The question of whether public sector workers are overpaid or underpaid compared to what they would earn in the private sector is a hot topic these days. A fair bit of academic research shows that people generally earn less money in the public sector (particularly in state and local governments) than people with the same qualifications doing the same type of job in the private sector.
Some people who disbelieve this evidence are now suggesting a different approach to illustrate that workers in the public sector are overpaid: looking at queues for job openings. For example, Andrew Biggs (from the AEI) argues that “state and local government jobs offer workers higher total compensation than those individuals could get in the private sector. As a result, people are lining up to get them.”
1. Nearly all jobs – public and private sectors – have “queues”, if you define that as a situation in which there are more applicants than open positions. What matters is whether the queues for public sector jobs are longer than the queues for private sector jobs for the same occupation and qualifications, and I have yet to see compelling evidence that that is the case. (I would welcome help in identifying some; the most commonly cited papers, e.g. Krueger (1988), do not seem to contain such direct evidence.)
2. If racial or sexual discrimination exists in the private sector but not in the public sector (and there’s evidence that this is the case), then women and racial minorities would tend to be underpaid for their labor in the private sector, giving them a strong incentive to try to switch into the public sector whenever possible. This would explain excess queuing for public sector jobs (if such excess queuing does indeed happen).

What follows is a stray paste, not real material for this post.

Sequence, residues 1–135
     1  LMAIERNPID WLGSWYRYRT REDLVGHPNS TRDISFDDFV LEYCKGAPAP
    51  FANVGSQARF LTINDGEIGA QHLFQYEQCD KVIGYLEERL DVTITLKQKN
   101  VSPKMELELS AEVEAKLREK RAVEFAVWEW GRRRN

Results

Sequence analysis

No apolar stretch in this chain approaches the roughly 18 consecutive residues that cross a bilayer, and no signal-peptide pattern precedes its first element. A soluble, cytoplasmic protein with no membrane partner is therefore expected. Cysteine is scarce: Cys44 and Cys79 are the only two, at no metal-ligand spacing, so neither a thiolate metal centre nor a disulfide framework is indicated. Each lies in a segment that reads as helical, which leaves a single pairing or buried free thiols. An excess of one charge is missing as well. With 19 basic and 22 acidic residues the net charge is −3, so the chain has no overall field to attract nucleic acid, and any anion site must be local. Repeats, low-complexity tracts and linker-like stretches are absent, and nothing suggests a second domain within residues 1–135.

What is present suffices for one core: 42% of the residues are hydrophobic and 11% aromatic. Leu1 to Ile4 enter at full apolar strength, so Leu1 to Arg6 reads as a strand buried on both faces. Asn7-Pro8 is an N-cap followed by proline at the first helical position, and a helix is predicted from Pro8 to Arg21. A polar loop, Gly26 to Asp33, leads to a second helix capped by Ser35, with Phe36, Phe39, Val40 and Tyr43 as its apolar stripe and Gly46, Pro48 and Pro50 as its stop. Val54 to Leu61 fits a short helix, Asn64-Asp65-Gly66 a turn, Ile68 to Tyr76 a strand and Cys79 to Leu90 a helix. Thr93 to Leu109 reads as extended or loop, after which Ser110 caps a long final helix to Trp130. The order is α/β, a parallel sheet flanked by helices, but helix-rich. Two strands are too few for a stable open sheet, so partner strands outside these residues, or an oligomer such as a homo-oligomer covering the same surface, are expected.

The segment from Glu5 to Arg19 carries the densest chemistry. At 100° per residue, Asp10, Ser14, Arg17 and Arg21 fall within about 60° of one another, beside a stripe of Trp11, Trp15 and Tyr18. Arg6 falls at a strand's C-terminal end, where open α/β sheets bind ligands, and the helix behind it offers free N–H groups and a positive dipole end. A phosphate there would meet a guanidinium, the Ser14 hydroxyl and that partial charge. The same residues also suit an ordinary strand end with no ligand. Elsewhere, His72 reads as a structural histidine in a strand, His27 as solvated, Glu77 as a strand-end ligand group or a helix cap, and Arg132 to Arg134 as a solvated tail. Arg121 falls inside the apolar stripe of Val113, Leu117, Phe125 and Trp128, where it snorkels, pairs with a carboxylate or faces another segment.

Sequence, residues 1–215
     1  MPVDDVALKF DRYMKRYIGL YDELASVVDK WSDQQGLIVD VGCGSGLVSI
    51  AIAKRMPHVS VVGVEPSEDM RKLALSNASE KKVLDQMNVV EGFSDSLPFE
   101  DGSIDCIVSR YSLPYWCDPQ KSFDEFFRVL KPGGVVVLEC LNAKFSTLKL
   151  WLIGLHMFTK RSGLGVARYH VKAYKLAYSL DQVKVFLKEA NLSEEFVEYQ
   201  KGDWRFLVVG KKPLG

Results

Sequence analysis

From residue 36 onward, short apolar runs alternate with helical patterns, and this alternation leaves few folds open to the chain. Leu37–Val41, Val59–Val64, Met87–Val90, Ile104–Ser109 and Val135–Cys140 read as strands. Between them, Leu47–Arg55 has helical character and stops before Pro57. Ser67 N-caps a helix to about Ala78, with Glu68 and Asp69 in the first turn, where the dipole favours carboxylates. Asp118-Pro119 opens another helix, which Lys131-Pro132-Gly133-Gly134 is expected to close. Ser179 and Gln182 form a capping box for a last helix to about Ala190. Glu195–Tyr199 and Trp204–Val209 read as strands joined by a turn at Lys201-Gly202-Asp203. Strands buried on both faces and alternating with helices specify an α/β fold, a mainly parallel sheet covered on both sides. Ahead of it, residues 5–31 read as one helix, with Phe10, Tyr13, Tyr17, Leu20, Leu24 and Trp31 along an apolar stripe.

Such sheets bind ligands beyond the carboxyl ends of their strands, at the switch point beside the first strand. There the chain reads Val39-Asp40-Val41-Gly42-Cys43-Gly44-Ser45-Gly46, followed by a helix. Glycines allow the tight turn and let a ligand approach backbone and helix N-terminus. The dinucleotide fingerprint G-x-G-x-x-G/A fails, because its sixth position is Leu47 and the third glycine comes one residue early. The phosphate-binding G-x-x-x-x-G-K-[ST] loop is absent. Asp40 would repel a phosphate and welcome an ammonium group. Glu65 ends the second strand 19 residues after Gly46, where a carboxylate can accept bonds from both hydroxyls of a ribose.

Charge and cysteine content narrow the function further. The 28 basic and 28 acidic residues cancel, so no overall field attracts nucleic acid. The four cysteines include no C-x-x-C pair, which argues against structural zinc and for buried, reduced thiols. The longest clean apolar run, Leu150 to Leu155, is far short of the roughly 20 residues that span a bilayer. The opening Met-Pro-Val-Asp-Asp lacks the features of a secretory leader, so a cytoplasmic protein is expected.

3. If, as the evidence suggests, public sector jobs tend to have compressed pay schedules, with relatively good compensation for entry-level jobs but only modest increases in compensation over an entire career (leaving overall lifetime compensation lower), then that means that individuals who can not afford to wait for the higher pay that they would eventually get in the private sector would tend to prefer public sector jobs. For those people, the requirement for a higher salary early in their career would make them willing to accept the lower lifetime earnings they’ll get in the public sector. This would also tend to cause excess queuing for public sector jobs, even though compensation is lower than private sector jobs. (Yes, this will only happen if there are incomplete credit markets such that those people can’t borrow sufficiently to make up the difference in the early part of their careers, but the fact that credit markets are indeed imperfect has been well-established, particularly for certain segments of society.)
So put me in the camp of those who are not persuaded by the “queuing” methodology of trying to determine if public sector jobs pay better or worse than their private sector counterparts.